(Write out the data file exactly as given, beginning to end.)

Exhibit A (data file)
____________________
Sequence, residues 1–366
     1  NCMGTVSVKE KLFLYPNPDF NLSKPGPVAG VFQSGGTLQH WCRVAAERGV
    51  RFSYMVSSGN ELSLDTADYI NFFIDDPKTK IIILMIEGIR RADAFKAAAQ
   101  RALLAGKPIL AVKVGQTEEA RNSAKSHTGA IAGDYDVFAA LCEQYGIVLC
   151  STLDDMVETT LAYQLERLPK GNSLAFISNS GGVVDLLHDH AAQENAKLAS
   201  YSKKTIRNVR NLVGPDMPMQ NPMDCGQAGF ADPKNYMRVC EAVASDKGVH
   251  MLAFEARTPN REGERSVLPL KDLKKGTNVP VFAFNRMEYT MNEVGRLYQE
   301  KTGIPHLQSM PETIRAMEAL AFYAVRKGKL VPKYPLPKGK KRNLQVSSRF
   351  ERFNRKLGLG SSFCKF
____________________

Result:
Sequence, residues 1–366
     1  NCMGTVSVKE KLFLYPNPDF NLSKPGPVAG VFQSGGTLQH WCRVAAERGV
    51  RFSYMVSSGN ELSLDTADYI NFFIDDPKTK IIILMIEGIR RADAFKAAAQ
   101  RALLAGKPIL AVKVGQTEEA RNSAKSHTGA IAGDYDVFAA LCEQYGIVLC
   151  STLDDMVETT LAYQLERLPK GNSLAFISNS GGVVDLLHDH AAQENAKLAS
   201  YSKKTIRNVR NLVGPDMPMQ NPMDCGQAGF ADPKNYMRVC EAVASDKGVH
   251  MLAFEARTPN REGERSVLPL KDLKKGTNVP VFAFNRMEYT MNEVGRLYQE
   301  KTGIPHLQSM PETIRAMEAL AFYAVRKGKL VPKYPLPKGK KRNLQVSSRF
   351  ERFNRKLGLG SSFCKF